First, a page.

Don’t Go There

Santo cocktail at The SaintThe Saint Social Club, in a lurid, turquoise blue building on Capitol Hill, claims to offer “Tequila Salvation.” The menu talks a good game, promising handmade tortillas, salsas and soups; fresh juices, syrups and infusions, and a cocktail list of “timeless classics and original creations.” The drink we ordered, an $11 El Santo, was composed of Sauza Hornitos Reposado, Cointreau and sour-mix-from-scratch. A saintly cocktail (although surely one of the minor saints), prepared by a barkeep named Gloria, who didn’t know whether or when The Saint offered a happy hour. They do, until 6, but not on the drinks.

Buffalo Deli, a storefront on First Avenue in Belltown, offers an array of lunchtime, takeout sandwiches for $7.50, including a BLT with thick-cut peppered bacon and Bibb lettuce. What’s with this sudden mania for peppered bacon in Seattle? Deli sandwiches are supposed to have thin-sliced meat, no? So you don’t have to chomp through the whole mess at once and dribble mayonnaise down your shirt. Regular bacon, crispy-crisp, please! And if you’re going to put your website address,, in neon on the front window, folks, you should seriously consider actually having a website with that address.

Wann Izakaya, also in Belltown, has a whole Happy Hour menu, too many to try all at once. So had a plain sake, perfectly okay, and a couple of snacks. The kurabota pork sausages (Japanese black hog) just tasted like old breakfast links; the “fried angel hair” was worse: deep-fried cappellini, sprinkled with kosher salt. Imagine eating an old broom, and eat those crispy stalks you probably will, but you’ll hate yourself for every bite.


Underground Restaurants Get Little Sympathy Here

Couple of weeks ago, we got an email that sounded pretty grim: someone had tipped off the Liquor Board, and now Western Civilization was going to collapse. Around town, bloggers cried foul, falling right into the outlaws’ trap. No and no, wrong and wrong. These guys aren’t romantic Zorros, they’re behaving like petulant teenagers.

Might as well piss off our good friends at Gypsy, Vagabond, Caché, OnePot, KillTheRestaurant and Culinary Communion. You got busted. Somebody called the Liquor Board to complain that a cooking class used—oh my God—wine to deglaze a dish. Argues the state: if you use a controlled substance (like wine), you’ve gotta get a license. And not just some one-off, ten-buck Class J permit, either.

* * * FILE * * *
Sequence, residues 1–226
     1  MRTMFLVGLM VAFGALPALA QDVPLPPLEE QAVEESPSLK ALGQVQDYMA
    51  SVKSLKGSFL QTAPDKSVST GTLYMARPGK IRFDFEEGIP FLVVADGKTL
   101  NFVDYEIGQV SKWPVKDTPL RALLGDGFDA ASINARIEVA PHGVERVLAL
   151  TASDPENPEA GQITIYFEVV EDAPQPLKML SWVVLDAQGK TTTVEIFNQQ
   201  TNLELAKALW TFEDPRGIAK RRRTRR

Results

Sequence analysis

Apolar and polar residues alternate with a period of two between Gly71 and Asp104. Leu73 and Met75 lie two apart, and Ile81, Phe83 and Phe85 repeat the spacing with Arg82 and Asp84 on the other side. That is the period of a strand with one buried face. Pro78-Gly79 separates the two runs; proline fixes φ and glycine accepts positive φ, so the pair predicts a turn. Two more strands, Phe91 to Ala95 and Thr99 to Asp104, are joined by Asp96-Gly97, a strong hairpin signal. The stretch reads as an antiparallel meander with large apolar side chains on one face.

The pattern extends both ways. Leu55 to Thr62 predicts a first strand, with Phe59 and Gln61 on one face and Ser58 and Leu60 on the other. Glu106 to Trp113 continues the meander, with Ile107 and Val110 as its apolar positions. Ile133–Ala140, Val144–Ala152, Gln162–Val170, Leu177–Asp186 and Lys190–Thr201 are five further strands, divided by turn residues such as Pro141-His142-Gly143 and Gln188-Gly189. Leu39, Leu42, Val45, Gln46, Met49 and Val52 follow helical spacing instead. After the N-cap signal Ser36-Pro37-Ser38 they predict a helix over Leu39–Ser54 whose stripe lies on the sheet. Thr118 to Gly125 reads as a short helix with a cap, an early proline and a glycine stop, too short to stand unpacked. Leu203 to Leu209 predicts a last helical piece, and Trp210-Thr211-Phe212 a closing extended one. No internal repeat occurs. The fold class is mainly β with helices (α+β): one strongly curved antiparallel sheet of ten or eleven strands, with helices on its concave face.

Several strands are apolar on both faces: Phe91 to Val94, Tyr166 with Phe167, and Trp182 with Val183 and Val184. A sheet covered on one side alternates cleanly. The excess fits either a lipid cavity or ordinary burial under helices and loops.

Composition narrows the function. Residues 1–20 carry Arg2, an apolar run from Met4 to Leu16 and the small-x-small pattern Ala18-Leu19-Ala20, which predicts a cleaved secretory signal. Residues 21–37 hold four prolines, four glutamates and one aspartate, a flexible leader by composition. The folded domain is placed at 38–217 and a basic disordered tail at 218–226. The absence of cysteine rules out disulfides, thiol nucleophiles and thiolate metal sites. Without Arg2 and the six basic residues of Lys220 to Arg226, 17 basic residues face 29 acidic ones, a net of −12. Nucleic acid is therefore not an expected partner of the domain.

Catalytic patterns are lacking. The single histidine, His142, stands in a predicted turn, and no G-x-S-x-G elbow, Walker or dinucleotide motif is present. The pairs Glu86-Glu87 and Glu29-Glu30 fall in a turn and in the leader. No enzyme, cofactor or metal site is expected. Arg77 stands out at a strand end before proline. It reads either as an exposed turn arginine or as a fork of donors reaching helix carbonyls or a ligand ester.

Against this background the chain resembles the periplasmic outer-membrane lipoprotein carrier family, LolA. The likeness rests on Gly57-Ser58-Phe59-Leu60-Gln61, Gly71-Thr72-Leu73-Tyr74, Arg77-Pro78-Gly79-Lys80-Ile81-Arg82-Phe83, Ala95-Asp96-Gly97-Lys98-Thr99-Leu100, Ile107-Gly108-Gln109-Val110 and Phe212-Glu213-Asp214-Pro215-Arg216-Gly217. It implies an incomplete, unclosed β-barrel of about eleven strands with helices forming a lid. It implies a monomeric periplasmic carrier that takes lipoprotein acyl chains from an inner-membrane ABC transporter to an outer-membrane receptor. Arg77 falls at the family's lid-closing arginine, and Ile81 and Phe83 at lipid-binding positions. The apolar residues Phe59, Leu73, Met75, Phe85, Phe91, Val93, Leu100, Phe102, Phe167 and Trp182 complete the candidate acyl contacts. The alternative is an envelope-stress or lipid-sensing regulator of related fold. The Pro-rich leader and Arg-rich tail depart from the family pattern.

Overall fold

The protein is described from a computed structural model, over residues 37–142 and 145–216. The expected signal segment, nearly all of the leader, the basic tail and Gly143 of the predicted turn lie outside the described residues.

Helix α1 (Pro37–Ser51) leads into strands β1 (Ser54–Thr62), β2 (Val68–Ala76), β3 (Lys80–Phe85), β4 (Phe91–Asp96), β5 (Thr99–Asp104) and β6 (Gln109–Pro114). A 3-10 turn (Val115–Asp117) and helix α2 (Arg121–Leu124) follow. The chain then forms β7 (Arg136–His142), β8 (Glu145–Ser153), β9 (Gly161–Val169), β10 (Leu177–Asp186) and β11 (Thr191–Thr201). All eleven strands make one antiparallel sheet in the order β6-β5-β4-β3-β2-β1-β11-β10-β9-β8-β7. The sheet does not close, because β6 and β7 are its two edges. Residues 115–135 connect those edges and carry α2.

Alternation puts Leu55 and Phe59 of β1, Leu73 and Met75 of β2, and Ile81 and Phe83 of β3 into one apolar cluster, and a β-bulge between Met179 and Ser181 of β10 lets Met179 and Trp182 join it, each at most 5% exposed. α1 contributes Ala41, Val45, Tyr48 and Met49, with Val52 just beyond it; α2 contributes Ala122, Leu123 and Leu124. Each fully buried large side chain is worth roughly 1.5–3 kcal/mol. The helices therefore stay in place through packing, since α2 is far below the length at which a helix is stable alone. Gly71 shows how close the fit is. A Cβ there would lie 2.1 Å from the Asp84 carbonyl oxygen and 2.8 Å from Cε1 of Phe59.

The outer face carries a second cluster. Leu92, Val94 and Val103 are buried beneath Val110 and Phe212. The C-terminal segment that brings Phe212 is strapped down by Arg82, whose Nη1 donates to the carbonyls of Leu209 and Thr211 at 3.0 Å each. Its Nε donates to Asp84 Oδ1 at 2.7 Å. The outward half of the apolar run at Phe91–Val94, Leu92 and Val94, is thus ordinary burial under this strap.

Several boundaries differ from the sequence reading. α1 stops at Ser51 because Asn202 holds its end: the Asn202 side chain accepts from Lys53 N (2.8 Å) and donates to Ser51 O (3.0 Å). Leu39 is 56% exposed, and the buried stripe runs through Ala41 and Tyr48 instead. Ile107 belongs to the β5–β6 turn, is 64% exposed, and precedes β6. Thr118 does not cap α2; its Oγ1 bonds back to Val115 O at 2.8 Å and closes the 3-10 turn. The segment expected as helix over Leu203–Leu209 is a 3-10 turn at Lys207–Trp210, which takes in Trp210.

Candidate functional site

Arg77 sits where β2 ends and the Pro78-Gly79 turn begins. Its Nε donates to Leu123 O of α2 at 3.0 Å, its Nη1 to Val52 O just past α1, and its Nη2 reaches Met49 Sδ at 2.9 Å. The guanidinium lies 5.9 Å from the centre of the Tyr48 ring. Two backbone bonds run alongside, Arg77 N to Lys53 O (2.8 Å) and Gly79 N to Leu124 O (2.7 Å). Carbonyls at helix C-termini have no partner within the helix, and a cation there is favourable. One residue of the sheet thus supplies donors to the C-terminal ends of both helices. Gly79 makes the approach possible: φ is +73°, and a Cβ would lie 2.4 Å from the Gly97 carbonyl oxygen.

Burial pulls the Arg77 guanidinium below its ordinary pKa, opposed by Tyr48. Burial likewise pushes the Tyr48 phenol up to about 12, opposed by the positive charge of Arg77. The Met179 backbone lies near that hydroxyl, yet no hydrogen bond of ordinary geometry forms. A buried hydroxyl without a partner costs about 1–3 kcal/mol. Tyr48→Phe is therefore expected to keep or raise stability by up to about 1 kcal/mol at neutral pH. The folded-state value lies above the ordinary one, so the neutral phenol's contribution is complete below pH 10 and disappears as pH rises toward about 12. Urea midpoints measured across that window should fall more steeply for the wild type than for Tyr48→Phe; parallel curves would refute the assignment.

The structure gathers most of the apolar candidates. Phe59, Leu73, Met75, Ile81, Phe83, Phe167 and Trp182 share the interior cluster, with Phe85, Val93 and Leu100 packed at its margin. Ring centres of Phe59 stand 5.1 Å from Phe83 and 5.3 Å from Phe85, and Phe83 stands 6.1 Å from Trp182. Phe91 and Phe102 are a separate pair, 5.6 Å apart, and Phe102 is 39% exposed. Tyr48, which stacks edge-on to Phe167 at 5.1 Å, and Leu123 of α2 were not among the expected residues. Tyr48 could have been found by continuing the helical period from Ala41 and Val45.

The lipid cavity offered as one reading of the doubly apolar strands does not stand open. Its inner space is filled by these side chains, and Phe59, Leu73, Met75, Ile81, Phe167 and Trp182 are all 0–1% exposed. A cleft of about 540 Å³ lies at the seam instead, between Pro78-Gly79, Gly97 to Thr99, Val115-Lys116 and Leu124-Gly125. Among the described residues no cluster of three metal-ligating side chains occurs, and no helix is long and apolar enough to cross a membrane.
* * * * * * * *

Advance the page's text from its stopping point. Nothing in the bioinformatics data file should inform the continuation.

Well, you’d think the sky had fallen. “Betrayal!” said the email announcement by Culinary Communion’s chef Gabriel Claycamp (in photo at right, before auditioning for the Food Network).

Well, now, look, fellas. Every restaurant in the state (except, maybe, Minnie’s) plays by the rules. They pay rent while you use private premises, they pay utilities and insurance, they pay B&O on their gross receipts, they pay accountants and lawyers, and, above all, they pay their effing taxes. 13.7 percent on liquor sales, my friends, in addition to sales taxes and all the rest.

You want to be like Costco, complain that you’re so big you deserve “special treatment?” Think again. Costco lost its suit against the Liquor Board last month. You want “special treatment” because you’re edgy and underground? Hey, every legitimate, taxpaying restaurant in the state will fight you, tooth and nail. What makes you think you’re so goddamn special that you can thumb your nose at the world?

You’ve been on national TV, for heaven’s sake, with Anthony Bourdain! How can you complain about being betrayed?? Ya gotta decide: are you having a private dinner party or running a restaurant.

Uncle Howard Wakes Up, Smells Coffee

Schultz is back! In the year since Uncle Howard stepped aside from his day job (running Starbucks) to spend time on sexy stuff like movies and music and yogurt, the company’s stock price dropped by half. Not good for an outfit that claims to be the world’s most popular retailer. Worse, customers started complaining.

Okay, with tens of thousands of employees, most of them part-timers, responsible for customer satisfaction, you can’t get it right every time. But the premium coffee biz that Starbucks created has become competitive as hell, and those customers have plenty of choices. Schultzie decided that his hand-picked successor as company prez, Jim Donald, wasn’t paying enough attention.

(Not that Schultzie’s been all that responsive himself, selling off the Sonics to a bunch of right-wing investors from Oklahoma. What kind of hometown loyalty does that show your Seattle customers?)